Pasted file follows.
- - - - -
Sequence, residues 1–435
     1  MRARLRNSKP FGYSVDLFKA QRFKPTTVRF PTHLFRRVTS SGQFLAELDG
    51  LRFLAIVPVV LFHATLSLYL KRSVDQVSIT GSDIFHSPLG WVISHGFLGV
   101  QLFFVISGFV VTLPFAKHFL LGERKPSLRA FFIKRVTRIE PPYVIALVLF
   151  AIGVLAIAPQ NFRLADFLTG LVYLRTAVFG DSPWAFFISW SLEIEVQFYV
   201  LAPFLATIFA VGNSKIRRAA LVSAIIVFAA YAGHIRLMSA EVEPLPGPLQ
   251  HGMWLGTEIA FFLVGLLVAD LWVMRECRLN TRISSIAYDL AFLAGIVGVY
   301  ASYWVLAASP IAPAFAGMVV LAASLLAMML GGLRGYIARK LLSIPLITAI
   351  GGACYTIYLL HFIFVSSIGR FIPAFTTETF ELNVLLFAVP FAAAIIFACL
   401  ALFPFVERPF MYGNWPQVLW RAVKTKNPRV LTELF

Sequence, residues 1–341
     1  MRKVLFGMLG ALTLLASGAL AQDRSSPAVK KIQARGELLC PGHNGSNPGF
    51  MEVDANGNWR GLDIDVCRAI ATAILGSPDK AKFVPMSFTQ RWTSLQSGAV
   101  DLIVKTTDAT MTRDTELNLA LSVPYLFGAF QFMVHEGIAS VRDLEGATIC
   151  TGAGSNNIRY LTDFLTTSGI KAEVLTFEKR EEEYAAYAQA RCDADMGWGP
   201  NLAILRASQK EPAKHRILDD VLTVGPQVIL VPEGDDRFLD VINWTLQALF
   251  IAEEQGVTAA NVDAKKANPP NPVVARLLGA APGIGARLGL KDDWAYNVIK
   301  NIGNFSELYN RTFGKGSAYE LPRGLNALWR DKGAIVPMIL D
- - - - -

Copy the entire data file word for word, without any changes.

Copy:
Sequence, residues 1–435
     1  MRARLRNSKP FGYSVDLFKA QRFKPTTVRF PTHLFRRVTS SGQFLAELDG
    51  LRFLAIVPVV LFHATLSLYL KRSVDQVSIT GSDIFHSPLG WVISHGFLGV
   101  QLFFVISGFV VTLPFAKHFL LGERKPSLRA FFIKRVTRIE PPYVIALVLF
   151  AIGVLAIAPQ NFRLADFLTG LVYLRTAVFG DSPWAFFISW SLEIEVQFYV
   201  LAPFLATIFA VGNSKIRRAA LVSAIIVFAA YAGHIRLMSA EVEPLPGPLQ
   251  HGMWLGTEIA FFLVGLLVAD LWVMRECRLN TRISSIAYDL AFLAGIVGVY
   301  ASYWVLAASP IAPAFAGMVV LAASLLAMML GGLRGYIARK LLSIPLITAI
   351  GGACYTIYLL HFIFVSSIGR FIPAFTTETF ELNVLLFAVP FAAAIIFACL
   401  ALFPFVERPF MYGNWPQVLW RAVKTKNPRV LTELF

Sequence, residues 1–341
     1  MRKVLFGMLG ALTLLASGAL AQDRSSPAVK KIQARGELLC PGHNGSNPGF
    51  MEVDANGNWR GLDIDVCRAI ATAILGSPDK AKFVPMSFTQ RWTSLQSGAV
   101  DLIVKTTDAT MTRDTELNLA LSVPYLFGAF QFMVHEGIAS VRDLEGATIC
   151  TGAGSNNIRY LTDFLTTSGI KAEVLTFEKR EEEYAAYAQA RCDADMGWGP
   201  NLAILRASQK EPAKHRILDD VLTVGPQVIL VPEGDDRFLD VINWTLQALF
   251  IAEEQGVTAA NVDAKKANPP NPVVARLLGA APGIGARLGL KDDWAYNVIK
   301  NIGNFSELYN RTFGKGSAYE LPRGLNALWR DKGAIVPMIL D